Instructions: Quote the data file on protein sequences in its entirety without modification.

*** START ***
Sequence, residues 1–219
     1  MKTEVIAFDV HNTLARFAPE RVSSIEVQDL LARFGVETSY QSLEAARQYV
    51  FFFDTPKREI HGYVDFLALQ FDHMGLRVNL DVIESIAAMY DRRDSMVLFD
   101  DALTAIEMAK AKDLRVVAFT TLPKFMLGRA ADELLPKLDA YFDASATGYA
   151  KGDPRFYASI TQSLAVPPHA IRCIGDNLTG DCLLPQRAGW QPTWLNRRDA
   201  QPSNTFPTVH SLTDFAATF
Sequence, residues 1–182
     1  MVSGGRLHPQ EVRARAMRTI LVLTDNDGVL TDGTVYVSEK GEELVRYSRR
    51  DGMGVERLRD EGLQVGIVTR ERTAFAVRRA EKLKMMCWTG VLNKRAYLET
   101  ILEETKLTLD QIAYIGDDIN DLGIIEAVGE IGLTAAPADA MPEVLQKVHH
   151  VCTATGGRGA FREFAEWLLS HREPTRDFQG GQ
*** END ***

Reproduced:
Sequence, residues 1–219
     1  MKTEVIAFDV HNTLARFAPE RVSSIEVQDL LARFGVETSY QSLEAARQYV
    51  FFFDTPKREI HGYVDFLALQ FDHMGLRVNL DVIESIAAMY DRRDSMVLFD
   101  DALTAIEMAK AKDLRVVAFT TLPKFMLGRA ADELLPKLDA YFDASATGYA
   151  KGDPRFYASI TQSLAVPPHA IRCIGDNLTG DCLLPQRAGW QPTWLNRRDA
   201  QPSNTFPTVH SLTDFAATF
Sequence, residues 1–182
     1  MVSGGRLHPQ EVRARAMRTI LVLTDNDGVL TDGTVYVSEK GEELVRYSRR
    51  DGMGVERLRD EGLQVGIVTR ERTAFAVRRA EKLKMMCWTG VLNKRAYLET
   101  ILEETKLTLD QIAYIGDDIN DLGIIEAVGE IGLTAAPADA MPEVLQKVHH
   151  VCTATGGRGA FREFAEWLLS HREPTRDFQG GQ